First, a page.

The Turtle agreed and gave the scalp to the Turkey. The Turkey then put it around his neck. "Now," said the Turkey, "I'll walk a little while then you can see how it looks." So he walked ahead a short distance and then turned and asked the Turtle how he liked it. The Turtle said, "It looks very nice; it becomes you."
"Now I'll fix it in a different way then let you see how it looks," said the Turkey. So he gave the string another pull and again walked around. "O, that looks very nice," said the Turtle. But the Turkey kept on walking, and when the Turtle called out to him to bring back the scalp, the Turkey only walked faster and then ran away.  Then the Turtle got out his bow and by his magic shot a number of cane splints into the Turkey's leg to cripple him so that he could not run. This is why the Turkey have that many small bones in the their leg. The Turtle never caught the Turkey, who still today wears the scalp from his neck

Why The Turkey Gobbles
The Grouse had a fine voice and a good halloo in the ballplay. All the animals and birds used to play ball in those days. The Turkey didn't have a good voice, he asked the Grouse if he would teach him how to have a fine voice.  The Grouse agreed to teach him, but the Turkey had to pay for the lessons, and the Turkey promised to give him some feathers to make himself a collar. That is how the Grouse got his collar of turkey feathers. The Turkey learned very fast. The one day the Grouse asked the Turkey to try his voice. "Now," said the Grouse, "I'll stand on this hollow log, then when I give the signal by tapping on it, you must halloo as loudly as you can." So he got upon the log ready to tap on it, as a Grouse does, but when he gave the signal the Turkey was so eager and excited that he could not raise his voice for a shout, but only gobble. Now ever since then he gobbles whenever he hears a noise.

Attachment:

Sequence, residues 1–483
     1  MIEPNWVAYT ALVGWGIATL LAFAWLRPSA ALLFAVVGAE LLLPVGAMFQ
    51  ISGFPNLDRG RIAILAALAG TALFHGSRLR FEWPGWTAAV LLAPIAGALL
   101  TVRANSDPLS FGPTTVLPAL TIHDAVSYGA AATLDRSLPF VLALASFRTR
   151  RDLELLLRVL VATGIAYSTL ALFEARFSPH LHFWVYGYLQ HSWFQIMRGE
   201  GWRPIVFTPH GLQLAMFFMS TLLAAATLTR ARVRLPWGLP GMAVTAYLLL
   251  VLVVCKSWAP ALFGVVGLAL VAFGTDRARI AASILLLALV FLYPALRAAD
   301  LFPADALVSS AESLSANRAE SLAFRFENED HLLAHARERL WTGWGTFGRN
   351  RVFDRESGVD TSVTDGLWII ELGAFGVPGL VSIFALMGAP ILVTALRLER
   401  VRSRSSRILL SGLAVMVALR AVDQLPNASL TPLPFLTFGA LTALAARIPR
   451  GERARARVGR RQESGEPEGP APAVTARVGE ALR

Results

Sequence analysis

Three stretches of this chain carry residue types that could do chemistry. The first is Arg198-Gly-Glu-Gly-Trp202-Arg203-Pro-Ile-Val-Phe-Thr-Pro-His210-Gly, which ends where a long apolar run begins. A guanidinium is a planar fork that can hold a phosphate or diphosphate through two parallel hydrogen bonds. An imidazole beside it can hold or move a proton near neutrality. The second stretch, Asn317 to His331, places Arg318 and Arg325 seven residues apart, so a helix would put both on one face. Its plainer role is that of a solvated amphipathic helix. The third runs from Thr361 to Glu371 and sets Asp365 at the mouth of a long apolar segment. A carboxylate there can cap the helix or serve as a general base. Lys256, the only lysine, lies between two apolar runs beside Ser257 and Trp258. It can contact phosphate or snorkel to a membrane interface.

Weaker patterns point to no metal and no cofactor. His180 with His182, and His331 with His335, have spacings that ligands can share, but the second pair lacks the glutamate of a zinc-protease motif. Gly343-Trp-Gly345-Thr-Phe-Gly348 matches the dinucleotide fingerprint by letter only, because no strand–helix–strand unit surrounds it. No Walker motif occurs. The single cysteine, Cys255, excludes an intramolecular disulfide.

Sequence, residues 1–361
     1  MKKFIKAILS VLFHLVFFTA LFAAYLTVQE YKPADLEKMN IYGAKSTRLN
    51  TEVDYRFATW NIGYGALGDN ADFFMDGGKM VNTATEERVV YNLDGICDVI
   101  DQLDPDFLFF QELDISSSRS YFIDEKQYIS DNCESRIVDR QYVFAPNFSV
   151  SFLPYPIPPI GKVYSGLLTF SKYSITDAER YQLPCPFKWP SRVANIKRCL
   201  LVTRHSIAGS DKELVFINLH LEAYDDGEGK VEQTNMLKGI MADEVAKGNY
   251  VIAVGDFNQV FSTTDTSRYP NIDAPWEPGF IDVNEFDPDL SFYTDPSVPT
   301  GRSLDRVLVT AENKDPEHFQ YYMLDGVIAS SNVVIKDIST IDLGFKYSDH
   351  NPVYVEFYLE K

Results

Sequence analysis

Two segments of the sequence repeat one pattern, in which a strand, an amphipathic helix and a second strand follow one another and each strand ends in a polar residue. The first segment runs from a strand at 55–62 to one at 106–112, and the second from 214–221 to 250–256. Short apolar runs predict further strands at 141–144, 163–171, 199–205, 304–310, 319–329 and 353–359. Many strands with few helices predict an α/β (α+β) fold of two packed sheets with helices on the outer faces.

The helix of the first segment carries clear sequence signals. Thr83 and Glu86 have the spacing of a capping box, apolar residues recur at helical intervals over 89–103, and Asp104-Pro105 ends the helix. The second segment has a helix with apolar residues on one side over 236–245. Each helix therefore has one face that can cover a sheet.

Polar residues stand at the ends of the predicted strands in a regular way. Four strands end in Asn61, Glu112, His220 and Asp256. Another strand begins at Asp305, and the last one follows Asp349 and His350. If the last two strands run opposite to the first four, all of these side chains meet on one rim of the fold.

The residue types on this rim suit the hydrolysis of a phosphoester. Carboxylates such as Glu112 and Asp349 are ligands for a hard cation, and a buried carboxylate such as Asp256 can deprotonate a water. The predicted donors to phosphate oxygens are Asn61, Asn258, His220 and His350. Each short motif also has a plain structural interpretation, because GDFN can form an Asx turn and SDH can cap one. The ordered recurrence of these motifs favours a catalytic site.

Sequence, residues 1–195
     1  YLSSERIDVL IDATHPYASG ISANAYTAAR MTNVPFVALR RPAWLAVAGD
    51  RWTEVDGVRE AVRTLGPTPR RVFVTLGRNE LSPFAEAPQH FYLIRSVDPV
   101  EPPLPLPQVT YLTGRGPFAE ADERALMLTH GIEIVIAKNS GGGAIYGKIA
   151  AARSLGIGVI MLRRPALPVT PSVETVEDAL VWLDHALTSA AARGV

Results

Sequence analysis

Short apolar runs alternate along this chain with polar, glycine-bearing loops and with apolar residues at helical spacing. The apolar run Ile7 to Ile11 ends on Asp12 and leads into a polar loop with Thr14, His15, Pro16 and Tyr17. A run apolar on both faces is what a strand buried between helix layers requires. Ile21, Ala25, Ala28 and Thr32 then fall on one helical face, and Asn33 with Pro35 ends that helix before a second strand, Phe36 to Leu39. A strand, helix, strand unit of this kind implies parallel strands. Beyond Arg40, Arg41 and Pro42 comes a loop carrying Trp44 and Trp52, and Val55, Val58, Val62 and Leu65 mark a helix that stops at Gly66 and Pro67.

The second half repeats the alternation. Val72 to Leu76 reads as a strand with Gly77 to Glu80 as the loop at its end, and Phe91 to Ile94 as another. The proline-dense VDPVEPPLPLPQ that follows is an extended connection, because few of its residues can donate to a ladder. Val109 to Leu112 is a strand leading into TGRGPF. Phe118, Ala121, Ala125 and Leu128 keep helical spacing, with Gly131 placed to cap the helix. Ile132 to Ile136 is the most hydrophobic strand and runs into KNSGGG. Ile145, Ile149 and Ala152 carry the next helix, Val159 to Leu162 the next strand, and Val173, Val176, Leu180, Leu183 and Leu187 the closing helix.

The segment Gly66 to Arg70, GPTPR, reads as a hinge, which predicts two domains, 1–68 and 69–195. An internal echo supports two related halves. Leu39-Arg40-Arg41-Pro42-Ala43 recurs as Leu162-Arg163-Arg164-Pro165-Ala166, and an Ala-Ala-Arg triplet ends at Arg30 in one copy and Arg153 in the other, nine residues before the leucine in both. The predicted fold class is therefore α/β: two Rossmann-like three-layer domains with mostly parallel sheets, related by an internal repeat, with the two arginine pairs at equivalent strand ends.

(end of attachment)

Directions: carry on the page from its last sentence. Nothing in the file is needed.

Friday, November 20, 2009

Fleetwood Mac: Rhiannon

The Goddess Rhiannon

Rhiannon is the beautiful Welsh underworld goddess who travels though out this earthly plane on a speedy horse. She is always accompanied by magical birds that would make the dead wake up and the living fall into a seven year blissful sleep.
     She also was the Welsh horse goddess, the same as the Gaelic goddess Epona and the Irish goddess, Macha. She could also be equivalent to the Roman-Celtic goddess Rigantona, the Great Goddess. Rhiannon could be interpeted to mean the "Divine Queen" of the fairies. The moon was also considered her sign.
     She was the daughter of Hereydd the Old. When it was time for her to get married, she had many suitors. Two of those were Pwyll, a chieftain of Dyfed and Gwawl, the son of Clud. She went against her family's wishes and married Pwyll. Now Gwawl being a sore looser, along with his father, laid a curse upon Pwyll. Rhiannon couldn't have any children for many years and Pwyll blammed her so he mistreated her.
     She finally gave birth to a son name Pryderi meaning "Worry." As a baby, Pryderi was abducted. Rhiannon was found with blood smeared on her mouth and checks. So it was thought that she killed and ate the child. Her punishment for the crime was she had to be Pwyll's gatekeeper. When she meet visitors at the gate, she would tell them her woes and bear them on her back to the door for seven years therefore she became symbolically transformed into a horse.